Where did you hear about us?
The monthly magazine providing news analysis and professional research for the discerning private investor/landlord

Are Lockdowns Resulting in Rising Demand For Co-Living Accommodation?

Can loneliness be a bigger threat to your health than a virus? Peter Hemple reports

In last month’s issue we looked at the negative effect that the pandemic has had this year on demand for micro homes and small enclosed accommodation. The first lockdown (by the time you read this the second lockdown will have started), magnified the shortcomings of our accommodation and while there has been a rush amongst buyers and renters to move to homes with more space, or to less congested neighbourhoods, there has also been a surge in demand from people that were living alone, but would now like to move into a co-living development.

Data and analysis released by Built Asset Management (BAM) at the end of September revealed that there was a 312% increase, during July and August, in renters ditching single accommodation in favour of co-living, when compared to pre-lockdown.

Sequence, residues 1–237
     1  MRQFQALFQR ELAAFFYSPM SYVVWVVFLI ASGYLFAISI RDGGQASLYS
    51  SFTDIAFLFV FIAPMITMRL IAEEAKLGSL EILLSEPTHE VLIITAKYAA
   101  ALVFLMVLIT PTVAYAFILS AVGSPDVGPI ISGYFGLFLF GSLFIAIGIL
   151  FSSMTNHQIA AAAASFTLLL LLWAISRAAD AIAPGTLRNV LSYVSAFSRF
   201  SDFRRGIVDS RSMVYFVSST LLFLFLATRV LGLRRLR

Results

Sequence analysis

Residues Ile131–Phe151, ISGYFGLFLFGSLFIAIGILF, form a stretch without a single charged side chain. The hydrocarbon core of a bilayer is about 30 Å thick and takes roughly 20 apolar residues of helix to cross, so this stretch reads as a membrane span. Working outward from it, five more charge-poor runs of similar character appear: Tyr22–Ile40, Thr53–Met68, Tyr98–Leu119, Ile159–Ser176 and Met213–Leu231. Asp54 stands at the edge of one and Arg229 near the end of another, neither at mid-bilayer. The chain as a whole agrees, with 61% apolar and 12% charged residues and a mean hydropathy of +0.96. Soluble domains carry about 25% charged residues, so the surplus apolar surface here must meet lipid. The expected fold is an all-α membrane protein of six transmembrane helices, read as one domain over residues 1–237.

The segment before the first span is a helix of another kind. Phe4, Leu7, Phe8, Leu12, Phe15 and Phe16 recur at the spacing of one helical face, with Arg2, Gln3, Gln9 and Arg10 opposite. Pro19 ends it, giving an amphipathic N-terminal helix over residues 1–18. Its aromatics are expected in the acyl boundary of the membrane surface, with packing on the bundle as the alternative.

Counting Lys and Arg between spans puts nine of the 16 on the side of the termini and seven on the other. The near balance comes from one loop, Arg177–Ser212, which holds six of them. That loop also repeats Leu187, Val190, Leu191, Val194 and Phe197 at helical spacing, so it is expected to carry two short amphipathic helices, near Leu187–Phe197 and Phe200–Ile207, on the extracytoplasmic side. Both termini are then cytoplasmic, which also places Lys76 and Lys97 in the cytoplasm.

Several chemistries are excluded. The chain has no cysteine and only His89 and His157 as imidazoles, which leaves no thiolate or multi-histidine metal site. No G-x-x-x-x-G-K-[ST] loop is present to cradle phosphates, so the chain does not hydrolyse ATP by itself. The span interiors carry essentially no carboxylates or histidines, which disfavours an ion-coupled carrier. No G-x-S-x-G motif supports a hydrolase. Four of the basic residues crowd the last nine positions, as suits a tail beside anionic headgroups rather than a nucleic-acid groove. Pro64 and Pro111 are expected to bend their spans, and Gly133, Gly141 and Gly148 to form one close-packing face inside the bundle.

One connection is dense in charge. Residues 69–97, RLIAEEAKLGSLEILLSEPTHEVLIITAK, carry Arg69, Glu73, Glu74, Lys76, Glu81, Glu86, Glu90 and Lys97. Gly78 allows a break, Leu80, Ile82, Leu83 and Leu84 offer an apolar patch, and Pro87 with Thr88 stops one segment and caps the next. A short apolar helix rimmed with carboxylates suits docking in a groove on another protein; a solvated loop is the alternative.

The data relates to new rental contracts taken out within co-living properties across London between 1 July and 31 August 2020. According to the findings, the increase in renters that were moving from single-let properties, i.e. those inhabited independently, and had then signed a rental contract for a room within a co-living property operated by BAM, increased four-fold when compared to the months of January and February. These months were given as a comparative as they were before the lockdown measures imposed on the rental market.

BAM asked all prospective tenants seeking co-living accommodation, what the reason was for leaving their current housing situation. According to those leaving single-let accommodation between July and August, 32% were seeking a more financially viable accommodation option, 25% were looking to avoid a feeling of isolation and 20% were seeking flexibility with a view to potentially purchasing afterwards.

Furthermore, the data revealed that the average age of tenants ditching single-let accommodation in favour of co-living was 36.1 years old; eight years older than BAM’s average tenant age of 28.2 years old.

Alex Gibbs, co-founder and director at BAM, says: “Typically, the bulk of our incoming occupants are young professionals either moving from existing house-share accommodation in the city or entering London’s rental market for the first time. Post-lockdown, however, we have seen a real “Covid-effect” coming into play with a huge increase in renters vacating single-let accommodation in favour of co-living.

Want the full article?